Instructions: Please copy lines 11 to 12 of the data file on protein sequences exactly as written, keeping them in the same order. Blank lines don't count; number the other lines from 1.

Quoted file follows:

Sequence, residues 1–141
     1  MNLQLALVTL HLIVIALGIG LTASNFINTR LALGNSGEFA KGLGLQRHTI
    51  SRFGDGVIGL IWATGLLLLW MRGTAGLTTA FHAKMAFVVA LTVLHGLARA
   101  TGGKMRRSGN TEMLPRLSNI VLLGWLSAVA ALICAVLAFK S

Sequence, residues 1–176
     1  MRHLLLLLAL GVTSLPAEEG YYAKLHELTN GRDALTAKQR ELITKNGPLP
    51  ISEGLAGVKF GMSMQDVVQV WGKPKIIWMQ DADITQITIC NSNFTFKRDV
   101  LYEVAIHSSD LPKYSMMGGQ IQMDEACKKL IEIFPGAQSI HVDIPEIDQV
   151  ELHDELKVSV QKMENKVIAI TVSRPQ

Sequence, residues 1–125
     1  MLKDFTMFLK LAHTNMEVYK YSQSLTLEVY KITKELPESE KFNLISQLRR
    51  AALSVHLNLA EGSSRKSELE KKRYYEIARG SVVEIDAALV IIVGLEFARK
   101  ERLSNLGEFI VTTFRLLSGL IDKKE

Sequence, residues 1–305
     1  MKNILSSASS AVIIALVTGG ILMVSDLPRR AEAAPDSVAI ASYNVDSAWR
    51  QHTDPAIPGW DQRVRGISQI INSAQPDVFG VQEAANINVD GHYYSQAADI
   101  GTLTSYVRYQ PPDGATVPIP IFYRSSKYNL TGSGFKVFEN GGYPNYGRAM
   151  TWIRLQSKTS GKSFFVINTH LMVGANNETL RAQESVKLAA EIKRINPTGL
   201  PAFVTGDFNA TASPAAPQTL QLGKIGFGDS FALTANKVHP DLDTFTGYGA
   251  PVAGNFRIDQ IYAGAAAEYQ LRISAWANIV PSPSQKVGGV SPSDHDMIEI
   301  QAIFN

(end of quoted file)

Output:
     1  MLKDFTMFLK LAHTNMEVYK YSQSLTLEVY KITKELPESE KFNLISQLRR
    51  AALSVHLNLA EGSSRKSELE KKRYYEIARG SVVEIDAALV IIVGLEFARK